It is sometimes difficult to determine whether an environmental stress, insect, mite, chemical, or infectious plant pathogen is the cause of a plant problem. The infectious causes are classified as biotic (living) causes of plant problems. They include (but are not limited to) insects, mites, and disease pathogens. Environmental stresses, such as temperature injury and water or nutrient stress, are abiotic (nonliving) factors that may affect plant health. Often, multiple factors are to blame for plant decline, and we must determine which one(s) warrants our attention.
The first steps in determining the cause of the problem is to identify the plant and become familiar with the symptoms. The plant may have areas of chlorosis (yellowing), necrosis (dead areas), or wilting. There may be total plant death, stem tip dieback, or burning of leaf edges or needle tips. One plant may be affected or many of the same species. In some way, the plant does not appear normal or healthy. Find out exactly how the plant is different from a healthy plant and carefully observe symptoms. To observe what is abnormal, you must have some knowledge of healthy plant appearance. Check species or cultivar information to determine normal plant appearance, particular sensitivities, and hardiness qualities. Look at similar plants in the community to observe their symptoms.
Become familiar with diseases that may occur on your plant host and in your location. Even if you canít take the time to learn about all disease possibilities, there are many good reference books that you can use to scan the possibilities. As an example, if you have a mature elm that is wilting, a look in Diseases of Trees and Shrubs, by Sinclair and Lyon, can alert you to the possibility of Dutch elm disease. This book provides information on symptoms to look for and how to make a positive diagnosis.
It is just as important to become familiar with noninfectious problems on the plant in your locale. It is fairly common knowledge that pin oaks and red maples in Illinois have problems with chlorosis, but did you know pines can be chlorotic in certain sites, too? This problem is widespread and often caused by the high-pH reaction of the soil, which inhibits absorption of iron and/or manganese. Root injury can contribute to symptoms. Noninfectious problems tend to appear frequently in a wide area and on the same host. The image shows chlorosis of red maple.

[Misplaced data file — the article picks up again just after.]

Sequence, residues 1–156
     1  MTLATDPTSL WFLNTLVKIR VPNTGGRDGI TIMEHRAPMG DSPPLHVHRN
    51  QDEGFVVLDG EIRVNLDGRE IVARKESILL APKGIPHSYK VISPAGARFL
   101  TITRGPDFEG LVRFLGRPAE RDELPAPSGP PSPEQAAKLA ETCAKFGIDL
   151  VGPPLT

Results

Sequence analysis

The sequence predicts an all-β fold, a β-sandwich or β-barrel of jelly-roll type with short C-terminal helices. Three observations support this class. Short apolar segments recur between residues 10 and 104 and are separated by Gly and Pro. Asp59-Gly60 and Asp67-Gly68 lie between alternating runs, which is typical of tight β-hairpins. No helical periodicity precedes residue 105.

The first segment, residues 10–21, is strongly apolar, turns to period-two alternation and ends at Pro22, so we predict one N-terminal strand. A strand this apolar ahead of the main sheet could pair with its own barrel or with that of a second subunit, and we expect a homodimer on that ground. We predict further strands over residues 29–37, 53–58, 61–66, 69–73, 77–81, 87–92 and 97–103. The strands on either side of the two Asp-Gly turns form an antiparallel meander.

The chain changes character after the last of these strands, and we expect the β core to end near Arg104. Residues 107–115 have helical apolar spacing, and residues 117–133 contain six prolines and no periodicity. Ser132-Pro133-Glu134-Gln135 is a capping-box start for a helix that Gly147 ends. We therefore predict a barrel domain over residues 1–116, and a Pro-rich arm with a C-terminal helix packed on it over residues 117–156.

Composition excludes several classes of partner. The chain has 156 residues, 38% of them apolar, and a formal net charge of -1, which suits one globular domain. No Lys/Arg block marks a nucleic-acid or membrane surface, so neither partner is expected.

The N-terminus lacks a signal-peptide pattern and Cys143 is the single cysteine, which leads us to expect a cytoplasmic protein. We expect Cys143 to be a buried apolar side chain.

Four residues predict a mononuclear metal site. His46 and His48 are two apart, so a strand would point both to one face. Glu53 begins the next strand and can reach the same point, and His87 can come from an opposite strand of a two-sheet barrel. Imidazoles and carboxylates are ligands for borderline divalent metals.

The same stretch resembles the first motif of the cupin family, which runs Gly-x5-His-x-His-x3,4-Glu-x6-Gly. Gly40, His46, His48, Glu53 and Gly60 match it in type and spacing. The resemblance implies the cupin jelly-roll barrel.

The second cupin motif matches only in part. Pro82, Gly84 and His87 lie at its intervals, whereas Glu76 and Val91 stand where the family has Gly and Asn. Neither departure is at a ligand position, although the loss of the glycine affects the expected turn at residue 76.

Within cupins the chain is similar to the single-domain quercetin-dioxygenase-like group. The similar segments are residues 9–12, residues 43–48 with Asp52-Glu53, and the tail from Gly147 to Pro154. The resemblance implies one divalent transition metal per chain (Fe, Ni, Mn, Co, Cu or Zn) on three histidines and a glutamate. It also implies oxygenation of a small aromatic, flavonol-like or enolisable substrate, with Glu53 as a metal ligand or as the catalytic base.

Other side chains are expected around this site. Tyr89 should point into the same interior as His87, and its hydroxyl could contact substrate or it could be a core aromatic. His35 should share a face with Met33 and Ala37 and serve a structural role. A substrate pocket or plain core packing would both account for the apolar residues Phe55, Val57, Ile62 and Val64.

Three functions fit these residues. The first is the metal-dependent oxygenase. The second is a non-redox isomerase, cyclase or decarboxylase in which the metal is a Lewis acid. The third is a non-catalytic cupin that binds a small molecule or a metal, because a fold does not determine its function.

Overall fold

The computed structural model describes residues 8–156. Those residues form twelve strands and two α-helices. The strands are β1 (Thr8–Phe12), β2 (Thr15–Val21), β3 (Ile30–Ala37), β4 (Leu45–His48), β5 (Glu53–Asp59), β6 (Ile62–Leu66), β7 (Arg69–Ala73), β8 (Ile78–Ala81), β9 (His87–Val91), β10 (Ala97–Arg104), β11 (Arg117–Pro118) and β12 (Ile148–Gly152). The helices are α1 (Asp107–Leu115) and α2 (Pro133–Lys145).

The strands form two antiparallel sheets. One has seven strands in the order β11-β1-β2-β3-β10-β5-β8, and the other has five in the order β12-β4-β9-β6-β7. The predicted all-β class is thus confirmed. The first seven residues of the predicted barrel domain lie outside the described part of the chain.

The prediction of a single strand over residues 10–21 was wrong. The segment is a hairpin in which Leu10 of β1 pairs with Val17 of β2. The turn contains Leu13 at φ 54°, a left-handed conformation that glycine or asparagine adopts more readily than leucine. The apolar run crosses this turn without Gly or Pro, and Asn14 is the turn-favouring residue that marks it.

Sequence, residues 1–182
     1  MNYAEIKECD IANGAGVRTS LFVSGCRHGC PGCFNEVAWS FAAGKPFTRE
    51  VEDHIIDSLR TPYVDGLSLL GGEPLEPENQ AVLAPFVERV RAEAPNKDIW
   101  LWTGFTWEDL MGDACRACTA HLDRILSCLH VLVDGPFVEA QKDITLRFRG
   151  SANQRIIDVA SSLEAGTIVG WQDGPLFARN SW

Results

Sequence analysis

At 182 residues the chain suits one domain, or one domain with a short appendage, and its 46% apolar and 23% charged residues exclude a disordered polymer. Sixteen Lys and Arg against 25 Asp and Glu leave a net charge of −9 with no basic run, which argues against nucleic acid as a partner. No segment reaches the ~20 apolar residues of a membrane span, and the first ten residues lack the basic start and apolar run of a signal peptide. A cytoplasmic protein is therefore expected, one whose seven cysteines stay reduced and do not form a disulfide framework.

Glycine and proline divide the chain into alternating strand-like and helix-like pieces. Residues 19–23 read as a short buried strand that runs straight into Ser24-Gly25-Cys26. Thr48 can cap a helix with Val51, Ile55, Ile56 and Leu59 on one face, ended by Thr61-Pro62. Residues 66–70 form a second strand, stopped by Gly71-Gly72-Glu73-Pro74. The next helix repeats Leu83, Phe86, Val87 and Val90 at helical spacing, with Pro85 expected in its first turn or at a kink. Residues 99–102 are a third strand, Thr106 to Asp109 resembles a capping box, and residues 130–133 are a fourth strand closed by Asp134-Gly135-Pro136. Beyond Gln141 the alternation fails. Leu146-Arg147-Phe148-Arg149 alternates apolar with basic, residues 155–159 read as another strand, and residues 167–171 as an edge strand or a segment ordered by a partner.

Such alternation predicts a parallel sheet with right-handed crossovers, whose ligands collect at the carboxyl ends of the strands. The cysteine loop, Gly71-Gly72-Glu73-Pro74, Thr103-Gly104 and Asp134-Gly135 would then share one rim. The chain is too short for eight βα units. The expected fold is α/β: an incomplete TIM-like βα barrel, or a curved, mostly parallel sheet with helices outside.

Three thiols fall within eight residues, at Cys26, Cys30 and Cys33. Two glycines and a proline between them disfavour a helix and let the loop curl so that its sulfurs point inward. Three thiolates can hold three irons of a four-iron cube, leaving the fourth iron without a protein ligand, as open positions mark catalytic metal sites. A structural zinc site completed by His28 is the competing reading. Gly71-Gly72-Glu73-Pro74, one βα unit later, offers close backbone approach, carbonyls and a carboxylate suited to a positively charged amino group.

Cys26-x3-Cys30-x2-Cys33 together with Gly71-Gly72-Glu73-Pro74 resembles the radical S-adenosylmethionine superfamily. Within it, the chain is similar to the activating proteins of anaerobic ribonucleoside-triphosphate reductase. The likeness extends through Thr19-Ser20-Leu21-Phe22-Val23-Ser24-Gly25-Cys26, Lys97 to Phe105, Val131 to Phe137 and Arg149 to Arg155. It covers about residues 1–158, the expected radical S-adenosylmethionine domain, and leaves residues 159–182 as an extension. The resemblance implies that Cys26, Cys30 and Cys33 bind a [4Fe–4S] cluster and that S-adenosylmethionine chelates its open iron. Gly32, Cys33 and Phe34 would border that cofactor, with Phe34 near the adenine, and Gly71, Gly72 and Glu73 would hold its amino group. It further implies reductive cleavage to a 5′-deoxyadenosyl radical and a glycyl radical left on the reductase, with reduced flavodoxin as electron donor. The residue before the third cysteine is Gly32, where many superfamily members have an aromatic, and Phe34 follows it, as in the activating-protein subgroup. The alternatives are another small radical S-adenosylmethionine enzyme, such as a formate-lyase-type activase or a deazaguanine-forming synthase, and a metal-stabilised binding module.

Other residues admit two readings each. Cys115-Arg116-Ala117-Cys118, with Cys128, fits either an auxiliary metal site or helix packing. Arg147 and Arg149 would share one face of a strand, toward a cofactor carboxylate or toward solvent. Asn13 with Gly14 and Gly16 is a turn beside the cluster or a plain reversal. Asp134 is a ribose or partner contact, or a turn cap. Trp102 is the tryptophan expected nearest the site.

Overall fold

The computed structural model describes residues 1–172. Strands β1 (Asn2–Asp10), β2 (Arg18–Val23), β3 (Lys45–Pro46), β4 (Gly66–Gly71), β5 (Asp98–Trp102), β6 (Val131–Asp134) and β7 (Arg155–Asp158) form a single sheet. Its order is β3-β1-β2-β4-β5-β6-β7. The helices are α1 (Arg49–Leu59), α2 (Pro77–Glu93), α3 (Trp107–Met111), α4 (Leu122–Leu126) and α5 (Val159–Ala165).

Because insect and mite problems frequently resemble diseases, knowledge of insect and mite problems on your plant is also helpful in accurate diagnosis. Yellowing and browning of inner needles on a spruce could be the result of a needle cast disease, nutrient stress, or possibly spider mites. Galls on trees might be the result of insect activity or disease infection.
The pattern of injury in the landscape also provides some strong clues to the cause of the problem. If all trees in an area are affected, involving many species, I would be inclined to look for an environmental problem. This could be drought, flooding, compaction, or a similar problem. Frost damage, as seen on the yew stems in the image, this season provides a good example of widespread noninfectious injury. Infectious diseases tend to be spotty and spread slowly among plants of similar species. When investigating a site, determine what species are affected and the pattern in the planting.
Accurate disease diagnosis requires some knowledge of how to identify disease pathogens. Common infectious agents of plant disease include fungi, bacteria, viruses, and nematodes. Of all the plant diseases that we might see in the landscape, only those caused by fungal pathogens have the ability to form fruiting bodies. These structures are the spore-producing bodies of the fungus; and they help considerably in proving the presence of a fungal pathogen. Fruiting bodies of Sphaeropsis (Diplodia) blight of pine confirm that a fungus is causing death of stem tips. Fruiting bodies of Rhizosphaera needle cast of spruce confirm that a fungal blight is causing interior needles to die. Mushrooms are fruiting bodies that indicate a wood or root rot when attached to a tree.
Textbooks can help identify fruiting bodies, but often a laboratory is needed in pathogen identifications. The University of Illinois Plant Clinic can help. Information about the Plant Clinic appeared in the first issue of this newsletter.
The final step in diagnosis is putting the facts together. Sometimes diagnosis is straightforward and easy, such as a case of crown gall on euonymus or powdery mildew on lilac. More often, however, there are multiple factors involved and they are less obvious. Always seek as much information as you can find and get the big picture. Put it together and talk to others about the problem. The process is challenging but also very rewarding.